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Bonded aluminum Trek frame repair suggestions?

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Bonded aluminum Trek frame repair suggestions?

Old 11-03-21, 10:51 PM
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rickpaulos
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Bonded aluminum Trek frame repair suggestions?

Trek 1200 road bike. bonded aluminum construction. One piece cast head tube with internal lugs for the top tube and down tube. Similar for the bb shell and seat lug. IMO, with the internal cable routing, no chain stay bridge, these are very clean looking frames. the 1200 came with a steel fork in 1988.

Received recently at our local bike coop. A project bike for sure. Came in with a hideous 3 color fade paint job. I asked a local volunteer who specializes in polishing frame to a mirror finish to strip the paint and we'd take a look at polishing. He got quite far along before he revealed the hole in the frame which had been hidden under a beer sticker. Looks like someone tried to drill out a water bottle blind nut and got carried away. So now what? Fill the hole with Alumiweld or some epoxy like JB Weld? Replace the down tube? Make it a wall hanger?

I took the frame to a newbie local bike part artist and aspiring frame builder. He did some practice runs using Alumiweld on some aluminum rims and that was not the least bit promising. It looked like the rims were melting at a lower temperature than the alumiweld. We watched the vids on youtube about alumiweld and they state the material needs to be heated to 750F. Even a propane torch melts aluminum.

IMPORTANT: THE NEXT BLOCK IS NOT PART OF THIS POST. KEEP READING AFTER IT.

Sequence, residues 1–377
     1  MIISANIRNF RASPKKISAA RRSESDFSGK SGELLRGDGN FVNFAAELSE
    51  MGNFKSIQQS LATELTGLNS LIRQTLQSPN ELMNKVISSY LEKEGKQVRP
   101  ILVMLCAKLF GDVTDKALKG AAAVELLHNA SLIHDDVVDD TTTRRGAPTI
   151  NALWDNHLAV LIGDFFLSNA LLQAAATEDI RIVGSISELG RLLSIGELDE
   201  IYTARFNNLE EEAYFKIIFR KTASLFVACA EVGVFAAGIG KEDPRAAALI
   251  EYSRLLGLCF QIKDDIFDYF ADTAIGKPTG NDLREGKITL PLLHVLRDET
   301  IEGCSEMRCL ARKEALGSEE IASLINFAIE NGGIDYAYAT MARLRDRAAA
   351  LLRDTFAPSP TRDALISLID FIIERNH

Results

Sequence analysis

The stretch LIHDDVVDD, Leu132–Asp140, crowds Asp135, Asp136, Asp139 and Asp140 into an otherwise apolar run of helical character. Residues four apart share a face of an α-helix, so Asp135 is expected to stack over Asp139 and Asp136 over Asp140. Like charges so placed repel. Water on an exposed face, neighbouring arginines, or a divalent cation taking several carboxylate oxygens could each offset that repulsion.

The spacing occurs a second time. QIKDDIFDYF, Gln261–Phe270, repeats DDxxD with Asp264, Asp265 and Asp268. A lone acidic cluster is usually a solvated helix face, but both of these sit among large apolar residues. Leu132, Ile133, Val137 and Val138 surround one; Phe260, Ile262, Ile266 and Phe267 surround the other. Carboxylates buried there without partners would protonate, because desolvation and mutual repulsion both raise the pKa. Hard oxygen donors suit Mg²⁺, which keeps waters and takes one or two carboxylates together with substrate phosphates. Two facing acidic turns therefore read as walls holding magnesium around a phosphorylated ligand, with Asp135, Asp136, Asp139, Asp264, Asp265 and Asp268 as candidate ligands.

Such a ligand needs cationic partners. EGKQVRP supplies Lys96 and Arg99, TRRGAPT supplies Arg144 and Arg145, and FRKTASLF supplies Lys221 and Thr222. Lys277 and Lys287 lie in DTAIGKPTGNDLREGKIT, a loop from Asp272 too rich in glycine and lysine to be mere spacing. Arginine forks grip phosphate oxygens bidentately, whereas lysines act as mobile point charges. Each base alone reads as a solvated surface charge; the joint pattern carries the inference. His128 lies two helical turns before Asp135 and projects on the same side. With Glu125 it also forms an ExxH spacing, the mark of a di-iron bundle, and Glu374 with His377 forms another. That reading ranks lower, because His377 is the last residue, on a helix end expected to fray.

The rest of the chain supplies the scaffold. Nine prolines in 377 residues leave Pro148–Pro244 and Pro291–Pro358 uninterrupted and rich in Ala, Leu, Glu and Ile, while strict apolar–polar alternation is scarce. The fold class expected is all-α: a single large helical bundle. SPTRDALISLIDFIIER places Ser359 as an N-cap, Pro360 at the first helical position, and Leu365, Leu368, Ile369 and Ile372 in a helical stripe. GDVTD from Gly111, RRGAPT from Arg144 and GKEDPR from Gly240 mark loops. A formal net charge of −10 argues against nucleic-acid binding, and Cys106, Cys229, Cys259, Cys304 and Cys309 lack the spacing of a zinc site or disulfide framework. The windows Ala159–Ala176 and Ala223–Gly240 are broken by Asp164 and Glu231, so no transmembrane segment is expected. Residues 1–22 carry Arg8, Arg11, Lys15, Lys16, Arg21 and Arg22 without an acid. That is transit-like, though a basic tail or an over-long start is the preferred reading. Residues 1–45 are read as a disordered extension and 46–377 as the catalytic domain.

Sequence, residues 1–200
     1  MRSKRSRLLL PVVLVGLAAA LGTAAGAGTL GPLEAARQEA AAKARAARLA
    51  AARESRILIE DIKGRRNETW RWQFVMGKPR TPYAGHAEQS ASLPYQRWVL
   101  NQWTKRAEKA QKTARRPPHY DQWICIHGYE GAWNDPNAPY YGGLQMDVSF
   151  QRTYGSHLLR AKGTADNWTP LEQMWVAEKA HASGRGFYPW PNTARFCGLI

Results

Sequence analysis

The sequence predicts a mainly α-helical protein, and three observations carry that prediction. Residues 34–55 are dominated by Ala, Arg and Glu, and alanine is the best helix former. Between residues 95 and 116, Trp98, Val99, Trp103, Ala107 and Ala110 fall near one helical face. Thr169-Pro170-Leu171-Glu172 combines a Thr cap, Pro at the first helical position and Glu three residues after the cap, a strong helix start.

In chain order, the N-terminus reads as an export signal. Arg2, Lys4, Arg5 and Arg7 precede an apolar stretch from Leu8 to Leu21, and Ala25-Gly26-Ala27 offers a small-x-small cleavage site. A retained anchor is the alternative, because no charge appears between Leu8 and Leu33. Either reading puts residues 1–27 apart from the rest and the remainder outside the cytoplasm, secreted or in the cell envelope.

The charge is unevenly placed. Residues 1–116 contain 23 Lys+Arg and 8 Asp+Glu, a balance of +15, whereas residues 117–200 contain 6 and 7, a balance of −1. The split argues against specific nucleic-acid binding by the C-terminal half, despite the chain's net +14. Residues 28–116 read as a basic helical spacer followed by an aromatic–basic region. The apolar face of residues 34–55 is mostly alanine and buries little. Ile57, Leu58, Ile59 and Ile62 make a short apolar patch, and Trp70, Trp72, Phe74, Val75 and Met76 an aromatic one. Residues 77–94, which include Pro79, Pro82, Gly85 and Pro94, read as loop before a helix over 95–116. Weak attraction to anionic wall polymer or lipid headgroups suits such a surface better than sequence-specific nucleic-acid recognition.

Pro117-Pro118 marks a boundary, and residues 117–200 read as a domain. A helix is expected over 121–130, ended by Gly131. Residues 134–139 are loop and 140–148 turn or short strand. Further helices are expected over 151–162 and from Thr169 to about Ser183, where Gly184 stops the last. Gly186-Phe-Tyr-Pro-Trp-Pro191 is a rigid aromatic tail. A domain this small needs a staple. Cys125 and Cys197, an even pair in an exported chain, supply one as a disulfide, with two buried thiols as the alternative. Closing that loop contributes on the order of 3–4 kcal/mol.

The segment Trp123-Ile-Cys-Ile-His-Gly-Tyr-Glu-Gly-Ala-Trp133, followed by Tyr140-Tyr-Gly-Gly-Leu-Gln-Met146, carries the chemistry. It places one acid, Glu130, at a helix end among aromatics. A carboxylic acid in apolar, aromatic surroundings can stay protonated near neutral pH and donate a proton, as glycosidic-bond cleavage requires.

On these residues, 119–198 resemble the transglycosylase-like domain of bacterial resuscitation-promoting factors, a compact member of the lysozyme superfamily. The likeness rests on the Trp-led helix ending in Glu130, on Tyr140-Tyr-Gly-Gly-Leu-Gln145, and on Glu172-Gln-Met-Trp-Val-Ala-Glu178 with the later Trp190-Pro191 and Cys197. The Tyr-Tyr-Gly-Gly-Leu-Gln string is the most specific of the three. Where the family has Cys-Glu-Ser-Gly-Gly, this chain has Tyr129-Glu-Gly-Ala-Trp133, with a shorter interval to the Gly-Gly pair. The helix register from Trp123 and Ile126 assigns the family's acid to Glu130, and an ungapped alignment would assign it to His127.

I don't know that kind of glues Trek used. Would they be thermal activated. Heat some to melt it to remove the tube sections? I would measure first, then cut a section of the downtube out so each end can be removed without needing to flex the frame open. The tubes on these Treks are not mitered, just right angle cuts at both ends.





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Old 11-04-21, 05:54 AM
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Is there also a problem with the front derailleur that is frame related?

I think this one should probably be recycled into beer cans. But depending on the series of aluminum, you might be able to get someone to fill that hole with Tig. I don't think alumiweld will hold.

I like your signature.
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Old 11-04-21, 10:37 AM
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Originally Posted by unterhausen View Post
Is there also a problem with the front derailleur that is frame related?

I think this one should probably be recycled into beer cans. But depending on the series of aluminum, you might be able to get someone to fill that hole with Tig. I don't think alumiweld will hold.

I like your signature.
The bicycle had other issues. The seat post was too small and there was a wedge of metal shoved in to compensate. The headset cups are plastic and were cracked, shunk and loose in the frame so the fork wobbled in all directions. Left crank extractor threads trashed from the crank being hammered on to the axle. The front derailleur cage was mangled. And the paint. All adds up to a novice owner/mechanic. The parts can be replaced as needed from the vast supply at the coop.

The front derailleur inserts look okay. The "braze-on" bracket was held on with screws. Removed for the paint striping.